A stable U.S. growth fund for the long run

Sun Life MFS U.S. Growth's experienced managers and consistent process suggest it will outperform over a full market cycle.

Achilleas Taxildaris 10 January, 2017 | 6:00PM
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Sun Life MFS U.S. Growth, managed by Sun Life subsidiary MFS Investment Management, is in skilled and seasoned hands. The managers try to identify firms with underestimated earnings and cash flow growth prospects for the next three to five years. Specifically, they look for firms with pricing power in large, untapped markets that can be sustained regardless of the economic environment. A firm's pricing power may stem from sources such as intellectual property and high barriers to entry. They pay little attention to short-term earnings; thus, the portfolio's price multiples tend to run higher than those of the Russell 1000 Growth Index. Instead, the managers hold firms that they believe are undervalued relative to their internal long-term outlook.

To find these firms, the managers leverage the fundamental research of MFS's deep analyst team. The analysts meet with company management and create cash flow models to rate stocks across industries. While co-managers Eric Fischman and Matthew Sabel rely on analysts' knowledge, they also dig into fundamentals to understand a firm's growth thesis before making an investment decision. The resulting portfolio contains 90 to 110 stocks with position sizes that reflect the managers' conviction in the holdings. Generally, they don't allow a single position to represent more than 5% of the fund's assets. While they remain cognisant of sector positioning relative to the benchmark, their stock selection ultimately determines the sector weightings.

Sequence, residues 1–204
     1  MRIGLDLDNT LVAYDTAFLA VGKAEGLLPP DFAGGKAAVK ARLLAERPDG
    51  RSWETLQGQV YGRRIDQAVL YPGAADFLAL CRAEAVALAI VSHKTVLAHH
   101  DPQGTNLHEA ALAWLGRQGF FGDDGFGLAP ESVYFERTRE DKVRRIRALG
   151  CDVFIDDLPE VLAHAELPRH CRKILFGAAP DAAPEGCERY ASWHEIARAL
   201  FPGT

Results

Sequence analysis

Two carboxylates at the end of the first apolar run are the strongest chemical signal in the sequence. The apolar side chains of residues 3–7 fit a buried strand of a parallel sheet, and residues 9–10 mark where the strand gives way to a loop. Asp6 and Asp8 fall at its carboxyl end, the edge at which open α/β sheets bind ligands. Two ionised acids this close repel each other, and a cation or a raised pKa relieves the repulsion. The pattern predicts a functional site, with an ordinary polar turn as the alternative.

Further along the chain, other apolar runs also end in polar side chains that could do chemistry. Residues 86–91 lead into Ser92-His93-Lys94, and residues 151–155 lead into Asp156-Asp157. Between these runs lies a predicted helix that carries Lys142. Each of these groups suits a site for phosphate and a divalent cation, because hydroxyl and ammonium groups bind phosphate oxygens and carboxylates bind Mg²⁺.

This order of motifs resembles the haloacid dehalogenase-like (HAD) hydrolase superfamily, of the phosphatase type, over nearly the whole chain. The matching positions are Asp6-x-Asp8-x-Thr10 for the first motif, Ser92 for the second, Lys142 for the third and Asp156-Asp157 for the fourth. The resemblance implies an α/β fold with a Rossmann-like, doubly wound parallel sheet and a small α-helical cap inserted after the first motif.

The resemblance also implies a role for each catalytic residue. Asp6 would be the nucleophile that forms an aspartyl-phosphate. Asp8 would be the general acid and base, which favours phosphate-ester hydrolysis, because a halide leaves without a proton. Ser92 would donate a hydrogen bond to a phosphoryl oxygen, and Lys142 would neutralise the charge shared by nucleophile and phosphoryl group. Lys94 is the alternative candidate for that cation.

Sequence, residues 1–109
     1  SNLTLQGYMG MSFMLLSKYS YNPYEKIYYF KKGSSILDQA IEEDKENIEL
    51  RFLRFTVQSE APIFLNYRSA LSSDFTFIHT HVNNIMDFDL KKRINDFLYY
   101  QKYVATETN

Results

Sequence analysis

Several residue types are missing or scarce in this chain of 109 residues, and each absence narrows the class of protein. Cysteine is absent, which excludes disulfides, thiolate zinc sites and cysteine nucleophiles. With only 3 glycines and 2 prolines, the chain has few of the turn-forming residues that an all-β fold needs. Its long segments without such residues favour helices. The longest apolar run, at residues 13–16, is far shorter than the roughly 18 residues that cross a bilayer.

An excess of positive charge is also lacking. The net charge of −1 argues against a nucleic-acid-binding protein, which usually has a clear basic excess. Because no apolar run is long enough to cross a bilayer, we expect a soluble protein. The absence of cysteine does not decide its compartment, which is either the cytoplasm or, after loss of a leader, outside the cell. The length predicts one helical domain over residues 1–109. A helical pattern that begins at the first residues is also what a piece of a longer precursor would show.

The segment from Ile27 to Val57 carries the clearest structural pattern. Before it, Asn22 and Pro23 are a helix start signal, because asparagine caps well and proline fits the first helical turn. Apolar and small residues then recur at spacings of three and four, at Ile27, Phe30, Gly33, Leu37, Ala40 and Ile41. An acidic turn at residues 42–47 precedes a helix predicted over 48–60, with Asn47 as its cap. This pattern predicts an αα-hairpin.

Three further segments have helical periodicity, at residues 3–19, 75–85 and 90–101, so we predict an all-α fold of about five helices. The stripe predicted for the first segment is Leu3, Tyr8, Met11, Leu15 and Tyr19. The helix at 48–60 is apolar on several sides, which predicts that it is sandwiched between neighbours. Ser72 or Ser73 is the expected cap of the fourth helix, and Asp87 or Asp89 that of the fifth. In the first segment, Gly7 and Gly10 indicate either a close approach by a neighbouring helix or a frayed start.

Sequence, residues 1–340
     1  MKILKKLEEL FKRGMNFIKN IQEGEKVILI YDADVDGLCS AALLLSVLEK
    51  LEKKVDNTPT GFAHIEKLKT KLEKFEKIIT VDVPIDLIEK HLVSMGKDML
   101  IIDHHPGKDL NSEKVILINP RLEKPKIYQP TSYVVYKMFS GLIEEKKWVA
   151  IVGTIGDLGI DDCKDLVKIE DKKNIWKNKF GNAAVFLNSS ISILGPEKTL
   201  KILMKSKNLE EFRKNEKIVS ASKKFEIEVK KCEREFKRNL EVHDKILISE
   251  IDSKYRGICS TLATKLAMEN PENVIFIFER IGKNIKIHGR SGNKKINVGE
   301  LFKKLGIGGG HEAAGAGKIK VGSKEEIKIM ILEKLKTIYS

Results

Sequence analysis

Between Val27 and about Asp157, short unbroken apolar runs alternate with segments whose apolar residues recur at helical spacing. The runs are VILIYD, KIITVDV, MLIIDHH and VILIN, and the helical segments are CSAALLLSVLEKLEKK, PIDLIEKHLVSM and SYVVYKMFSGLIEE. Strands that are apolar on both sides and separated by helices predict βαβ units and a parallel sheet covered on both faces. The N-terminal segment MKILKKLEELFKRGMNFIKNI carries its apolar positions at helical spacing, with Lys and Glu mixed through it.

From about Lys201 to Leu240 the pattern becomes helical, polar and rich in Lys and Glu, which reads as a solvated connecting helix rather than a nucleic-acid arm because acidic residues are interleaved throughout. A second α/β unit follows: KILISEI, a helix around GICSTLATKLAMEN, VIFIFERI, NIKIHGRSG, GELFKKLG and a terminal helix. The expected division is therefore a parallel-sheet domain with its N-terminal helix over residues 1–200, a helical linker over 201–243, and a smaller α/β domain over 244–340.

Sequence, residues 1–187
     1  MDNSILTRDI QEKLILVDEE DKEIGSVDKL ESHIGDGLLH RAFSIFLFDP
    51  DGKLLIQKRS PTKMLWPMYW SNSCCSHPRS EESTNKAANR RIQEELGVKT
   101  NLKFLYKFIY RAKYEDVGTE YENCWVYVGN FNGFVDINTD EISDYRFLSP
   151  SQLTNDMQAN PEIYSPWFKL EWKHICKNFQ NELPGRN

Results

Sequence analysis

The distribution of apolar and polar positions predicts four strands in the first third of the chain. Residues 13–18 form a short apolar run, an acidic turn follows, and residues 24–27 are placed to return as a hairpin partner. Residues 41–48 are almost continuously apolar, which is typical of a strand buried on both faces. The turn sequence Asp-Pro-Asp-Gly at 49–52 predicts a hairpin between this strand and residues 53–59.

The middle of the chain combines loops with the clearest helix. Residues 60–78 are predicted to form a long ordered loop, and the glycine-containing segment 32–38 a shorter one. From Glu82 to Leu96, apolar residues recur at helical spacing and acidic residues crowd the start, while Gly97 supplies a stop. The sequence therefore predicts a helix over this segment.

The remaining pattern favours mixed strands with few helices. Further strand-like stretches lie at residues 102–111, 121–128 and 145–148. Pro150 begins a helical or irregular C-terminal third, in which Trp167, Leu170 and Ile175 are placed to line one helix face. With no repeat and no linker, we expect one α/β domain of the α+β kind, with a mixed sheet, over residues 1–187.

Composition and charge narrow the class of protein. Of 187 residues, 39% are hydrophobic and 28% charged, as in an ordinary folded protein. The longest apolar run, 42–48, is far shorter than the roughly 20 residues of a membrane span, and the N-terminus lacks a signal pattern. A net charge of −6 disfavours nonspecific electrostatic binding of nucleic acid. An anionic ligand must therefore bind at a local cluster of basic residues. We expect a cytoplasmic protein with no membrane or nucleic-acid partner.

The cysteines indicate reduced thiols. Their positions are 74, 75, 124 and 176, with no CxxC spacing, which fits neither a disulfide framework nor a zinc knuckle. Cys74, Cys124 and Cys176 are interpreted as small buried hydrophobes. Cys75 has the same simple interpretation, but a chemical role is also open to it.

This Silver-rated fund strongly emphasizes firms that possess pricing power through high barriers to entry and economies of scale, among other factors. With that, it's not surprising that more than 90% of its assets are in holdings with Morningstar Economic Moat Ratings--a measure of competitive advantages. In the managers' search for durable growth, they may own multiple firms that fit a common secular growth theme, helping to reduce stock-specific risk. For example, two of the fund's top 10 positions are payment technology firms  Visa (V) and  MasterCard (MA), both wide-moat stocks. The team thinks both will continue to benefit from the secular shift from cash-based to electronic transactions worldwide because their platforms and scale are difficult to replicate.

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Securities Mentioned in Article

Security NamePriceChange (%)Morningstar Rating
Altria Group Inc47.95 USD-0.38Rating
Biomarin Pharmaceutical Inc75.23 USD1.77Rating
Edwards Lifesciences Corp114.53 USD3.09Rating
Las Vegas Sands Corp39.84 USD-0.51Rating
Mastercard Inc A361.48 USD0.85Rating
Medtronic PLC122.39 USD1.38Rating
Microsoft Corp308.27 USD0.32Rating
Visa Inc Class A232.72 USD0.90Rating
Wynn Resorts Ltd91.22 USD0.46Rating

About Author

Achilleas Taxildaris

Achilleas Taxildaris  Achilleas Taxildaris is analyst for Manager Research and focuses on active strategies.

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